Terre Haute Lodge No. 19, F.& A.M.
Terre Haute, Indiana
Terre Haute Lodge No. 19, F.&A.M.
Terre Haute Masonic Temple
224 North 8th Street
Terre Haute, Indiana 47807
Memorial stone for early Vigo settler to be dedicated
Jun 5, 2016
Terre Huate Tribune-Star
Terre Haute Lodge 19 Free & Accepted Masons — with assistance of the Grand Lodge of Indiana of Free & Accepted Masons, the Veterans of Foreign Wars Post 972 and the Rev. Drew Downs of St. Stephens Episcopal Church — will dedicate a memorial stone to Lt. Col. Peter Buell Allen on Saturday.
The ceremony and reception will take place in the Terre Haute Masonic Temple at 224 N. Eighth St.
Allen was a commander in the War of 1812 and was taken as a prisoner of war at the Battle of Queenston Heights in present-day Ontario, Canada. After the war, he served as a representative in the New York State Assembly before, in 1817, selling all of his New York and Connecticut property to his brother, Nathaniel.
Allen came to Indiana on a flat boat with his family and belongings, via the Ohio and Wabash rivers, and landed in Terre Haute in June 1818. He and one son built their home from the timbers of the flatboat at the present-day grounds of Terre Haute North Vigo High School. Allen then purchased roughly 800 acres in Vigo County to include the original site of Rose Polytechnic Institute at what is now 13th and Locust streets, in addition to purchasing 120 acres with Maj. Abraham Markle, who owned Markle Mill.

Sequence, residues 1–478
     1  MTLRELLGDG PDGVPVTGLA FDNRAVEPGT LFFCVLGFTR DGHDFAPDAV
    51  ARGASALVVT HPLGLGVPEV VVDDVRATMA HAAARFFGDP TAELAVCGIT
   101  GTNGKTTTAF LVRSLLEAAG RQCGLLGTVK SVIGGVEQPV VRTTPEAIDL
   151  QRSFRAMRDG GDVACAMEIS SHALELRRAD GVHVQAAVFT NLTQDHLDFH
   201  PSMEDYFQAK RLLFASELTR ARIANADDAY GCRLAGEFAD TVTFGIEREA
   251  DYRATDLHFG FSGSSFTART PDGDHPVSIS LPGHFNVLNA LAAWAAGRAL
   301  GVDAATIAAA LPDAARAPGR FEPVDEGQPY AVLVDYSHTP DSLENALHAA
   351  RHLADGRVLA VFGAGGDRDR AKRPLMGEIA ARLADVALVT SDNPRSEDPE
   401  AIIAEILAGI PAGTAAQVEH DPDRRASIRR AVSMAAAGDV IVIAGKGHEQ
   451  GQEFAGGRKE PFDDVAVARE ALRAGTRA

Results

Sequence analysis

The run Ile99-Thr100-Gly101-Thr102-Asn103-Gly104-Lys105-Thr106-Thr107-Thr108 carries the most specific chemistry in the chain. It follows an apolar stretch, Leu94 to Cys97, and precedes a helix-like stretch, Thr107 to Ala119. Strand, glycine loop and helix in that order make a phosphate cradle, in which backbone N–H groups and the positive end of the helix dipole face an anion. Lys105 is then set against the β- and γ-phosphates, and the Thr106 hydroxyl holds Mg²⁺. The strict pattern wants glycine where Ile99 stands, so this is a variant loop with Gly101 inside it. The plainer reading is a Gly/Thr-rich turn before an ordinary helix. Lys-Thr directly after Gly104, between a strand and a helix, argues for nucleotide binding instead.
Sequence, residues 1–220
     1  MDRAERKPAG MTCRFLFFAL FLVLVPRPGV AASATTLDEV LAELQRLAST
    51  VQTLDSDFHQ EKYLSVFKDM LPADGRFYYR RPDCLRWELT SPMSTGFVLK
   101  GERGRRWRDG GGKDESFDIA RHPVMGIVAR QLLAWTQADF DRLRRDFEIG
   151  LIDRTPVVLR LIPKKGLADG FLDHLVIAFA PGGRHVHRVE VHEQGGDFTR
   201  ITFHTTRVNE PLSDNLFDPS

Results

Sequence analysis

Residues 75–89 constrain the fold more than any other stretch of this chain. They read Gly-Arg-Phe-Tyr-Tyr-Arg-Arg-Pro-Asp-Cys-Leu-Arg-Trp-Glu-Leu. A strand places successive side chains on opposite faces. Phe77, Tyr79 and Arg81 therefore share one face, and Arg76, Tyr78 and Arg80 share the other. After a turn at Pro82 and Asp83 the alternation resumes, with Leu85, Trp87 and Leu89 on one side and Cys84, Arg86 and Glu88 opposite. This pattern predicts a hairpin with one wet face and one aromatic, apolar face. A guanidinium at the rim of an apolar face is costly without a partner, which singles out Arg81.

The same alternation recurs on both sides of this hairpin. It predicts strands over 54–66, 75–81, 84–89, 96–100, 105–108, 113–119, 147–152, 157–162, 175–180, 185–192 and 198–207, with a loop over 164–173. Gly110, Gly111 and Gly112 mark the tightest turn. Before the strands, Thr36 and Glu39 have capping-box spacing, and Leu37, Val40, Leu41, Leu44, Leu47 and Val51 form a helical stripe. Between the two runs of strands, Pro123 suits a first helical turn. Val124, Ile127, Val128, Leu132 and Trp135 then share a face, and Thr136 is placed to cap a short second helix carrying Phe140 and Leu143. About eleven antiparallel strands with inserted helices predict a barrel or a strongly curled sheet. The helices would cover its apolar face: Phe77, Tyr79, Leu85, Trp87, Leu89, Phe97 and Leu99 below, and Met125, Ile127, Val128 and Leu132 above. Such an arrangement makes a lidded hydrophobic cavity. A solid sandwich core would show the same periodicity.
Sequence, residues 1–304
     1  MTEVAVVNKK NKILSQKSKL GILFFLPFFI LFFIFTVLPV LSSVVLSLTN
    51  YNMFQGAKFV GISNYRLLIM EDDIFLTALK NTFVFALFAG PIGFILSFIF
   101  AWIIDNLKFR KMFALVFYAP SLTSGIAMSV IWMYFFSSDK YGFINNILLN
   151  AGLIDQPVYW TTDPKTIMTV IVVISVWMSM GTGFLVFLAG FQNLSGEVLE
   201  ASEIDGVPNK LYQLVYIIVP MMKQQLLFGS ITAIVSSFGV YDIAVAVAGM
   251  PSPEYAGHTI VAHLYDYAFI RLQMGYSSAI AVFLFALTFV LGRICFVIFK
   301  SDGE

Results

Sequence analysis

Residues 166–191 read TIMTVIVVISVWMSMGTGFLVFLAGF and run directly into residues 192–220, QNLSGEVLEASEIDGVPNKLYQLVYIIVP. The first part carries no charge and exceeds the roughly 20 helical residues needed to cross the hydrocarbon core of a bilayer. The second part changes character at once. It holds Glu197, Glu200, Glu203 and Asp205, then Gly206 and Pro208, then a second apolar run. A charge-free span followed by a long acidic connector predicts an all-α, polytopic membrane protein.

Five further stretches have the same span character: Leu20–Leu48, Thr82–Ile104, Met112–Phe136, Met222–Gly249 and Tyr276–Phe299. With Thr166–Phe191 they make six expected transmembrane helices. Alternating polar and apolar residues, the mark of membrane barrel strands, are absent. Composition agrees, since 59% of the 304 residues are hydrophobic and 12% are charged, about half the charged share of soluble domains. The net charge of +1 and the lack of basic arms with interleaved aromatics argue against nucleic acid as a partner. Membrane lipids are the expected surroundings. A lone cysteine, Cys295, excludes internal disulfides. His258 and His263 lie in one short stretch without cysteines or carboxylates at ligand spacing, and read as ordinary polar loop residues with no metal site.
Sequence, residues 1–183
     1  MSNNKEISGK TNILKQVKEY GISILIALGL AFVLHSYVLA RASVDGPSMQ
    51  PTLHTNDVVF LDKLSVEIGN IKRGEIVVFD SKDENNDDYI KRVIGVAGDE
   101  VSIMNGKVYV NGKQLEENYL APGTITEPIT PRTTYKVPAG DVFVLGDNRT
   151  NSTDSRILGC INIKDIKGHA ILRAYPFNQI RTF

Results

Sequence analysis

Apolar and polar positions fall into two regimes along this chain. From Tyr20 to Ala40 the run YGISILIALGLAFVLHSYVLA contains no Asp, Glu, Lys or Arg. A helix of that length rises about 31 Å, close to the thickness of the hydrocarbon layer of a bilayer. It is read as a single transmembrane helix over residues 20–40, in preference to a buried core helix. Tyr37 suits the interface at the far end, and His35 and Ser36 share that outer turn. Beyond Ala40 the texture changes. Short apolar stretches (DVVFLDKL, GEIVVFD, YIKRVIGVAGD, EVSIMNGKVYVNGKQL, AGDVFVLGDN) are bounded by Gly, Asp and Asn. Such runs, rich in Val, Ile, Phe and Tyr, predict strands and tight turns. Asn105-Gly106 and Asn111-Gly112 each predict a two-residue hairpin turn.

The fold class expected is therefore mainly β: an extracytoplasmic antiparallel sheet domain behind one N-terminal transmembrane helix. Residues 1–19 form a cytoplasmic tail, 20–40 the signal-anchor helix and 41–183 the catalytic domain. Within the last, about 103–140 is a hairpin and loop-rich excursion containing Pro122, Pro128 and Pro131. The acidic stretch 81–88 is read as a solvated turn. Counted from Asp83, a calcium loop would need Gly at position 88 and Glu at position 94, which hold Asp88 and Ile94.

On March 10, 1819, Allen and 12 other Freemasons and residents of the then-village of Terre Haute petitioned the newly formed Grand Lodge of Indiana for permission to establish a lodge of Freemasons in Terre Haute. Permission was granted on July 12, 1819, and Allen was named the first worshipful master, or presiding officer. In Terre Haute, Lt. Col. Allen (sometimes known as General Allen) became a well-respected member of the community and was the general contractor on the original Vigo County Courthouse.
Allen died on June 13, 1833, and is believed to have been buried in the village burial grounds known as Indiana Orchard Cemetery. When the Wabash and Erie Canal was being planned, the known remains at Indian Orchard were exhumed and re-interred at the newly developed Woodlawn Cemetery. There is no evidence of internment for Allen, or evidence of him being left at Indian Orchard. As a memorial to him, Terre Haute Lodge 19, F&AM, worked diligently to have the memorial marker erected.
Article courtesy of TribStar.com
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